Braid said prior to the implementation of the tariffs, the Chinese government had shown interest in increasing ethanol use to reap the environmental and human health benefits it offers compared to other energy sources. When blended with gasoline for use as a vehicle fuel, ethanol can offer some emissions benefits depending on vehicle type, engine calibration, and blend level, according to the U.S. Department of Energy.
“Trade-distorting practices, like tariffs, hamper progress on important initiatives like improving human health through air quality,” she said. “Trade-distorting practices can certainly contribute to negative farm-level impacts if the tariffs create demand destruction that persists over time. We’re confident, however, that China and other trading partners understand the value that corn ethanol brings to their fuel supply and that we will continue to build relationships for mutually beneficial trade.”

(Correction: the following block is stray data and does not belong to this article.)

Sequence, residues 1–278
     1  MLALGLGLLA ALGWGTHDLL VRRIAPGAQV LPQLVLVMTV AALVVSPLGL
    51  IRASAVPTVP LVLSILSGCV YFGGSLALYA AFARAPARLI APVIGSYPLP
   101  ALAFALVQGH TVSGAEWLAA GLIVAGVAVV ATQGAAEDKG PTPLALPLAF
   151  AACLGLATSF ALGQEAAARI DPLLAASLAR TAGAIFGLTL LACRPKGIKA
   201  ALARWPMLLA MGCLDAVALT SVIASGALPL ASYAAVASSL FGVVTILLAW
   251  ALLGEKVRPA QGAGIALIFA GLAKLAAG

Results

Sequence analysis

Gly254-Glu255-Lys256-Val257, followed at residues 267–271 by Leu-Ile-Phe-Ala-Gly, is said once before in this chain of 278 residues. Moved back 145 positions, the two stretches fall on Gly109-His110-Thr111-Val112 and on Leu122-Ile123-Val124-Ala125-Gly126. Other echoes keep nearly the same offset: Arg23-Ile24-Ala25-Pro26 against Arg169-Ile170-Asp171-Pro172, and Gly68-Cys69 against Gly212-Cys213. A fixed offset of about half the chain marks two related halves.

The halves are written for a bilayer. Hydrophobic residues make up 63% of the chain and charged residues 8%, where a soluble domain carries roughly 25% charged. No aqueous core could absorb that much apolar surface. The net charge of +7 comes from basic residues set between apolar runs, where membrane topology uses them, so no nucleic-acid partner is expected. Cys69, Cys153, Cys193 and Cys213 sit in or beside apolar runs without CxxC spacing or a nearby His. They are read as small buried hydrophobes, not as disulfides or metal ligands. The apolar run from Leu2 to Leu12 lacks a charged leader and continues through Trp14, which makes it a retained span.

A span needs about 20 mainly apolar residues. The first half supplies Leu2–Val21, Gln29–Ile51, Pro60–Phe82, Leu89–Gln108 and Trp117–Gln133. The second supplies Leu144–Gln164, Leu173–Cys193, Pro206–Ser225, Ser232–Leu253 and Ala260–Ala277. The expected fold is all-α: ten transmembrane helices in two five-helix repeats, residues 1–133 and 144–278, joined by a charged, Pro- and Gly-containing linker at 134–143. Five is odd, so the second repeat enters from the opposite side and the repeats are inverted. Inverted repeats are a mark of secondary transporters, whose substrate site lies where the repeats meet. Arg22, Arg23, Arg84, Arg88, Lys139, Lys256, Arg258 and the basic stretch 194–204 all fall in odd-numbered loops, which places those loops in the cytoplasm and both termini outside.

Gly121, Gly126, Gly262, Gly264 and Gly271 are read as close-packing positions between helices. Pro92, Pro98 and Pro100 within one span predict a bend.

One Earth Energy in Gibson City is one of 15 ethanol production plants in Illinois. According to the RFA, ethanol production is responsible for more than 4,000 jobs in the state and is used for a wide range of purposes besides blending with gasoline — from producing medicine and synthesizing chemical products to fueling other products like heaters and lamps.
With the implementation of the Renewable Fuels Standard (RFS) in 2006, the U.S. has become the largest single-country consumer of ethanol, along with being the world's largest exporter. The threat of counter-tariffs on biofuels and the impact of President Donald Trump’s policies on biofuels have caused some uncertainty for exporters.
Todd Hubbs, an agricultural economist at the University of Illinois, said uncertainty about the market will continue for the next several months.
“Strong corn consumption appears set to continue through the summer with limited short-term damage from the tariff battle with China influencing consumption,” he said, but “a prolonged trade fight may affect global economic growth and hurt corn consumption over the long term.”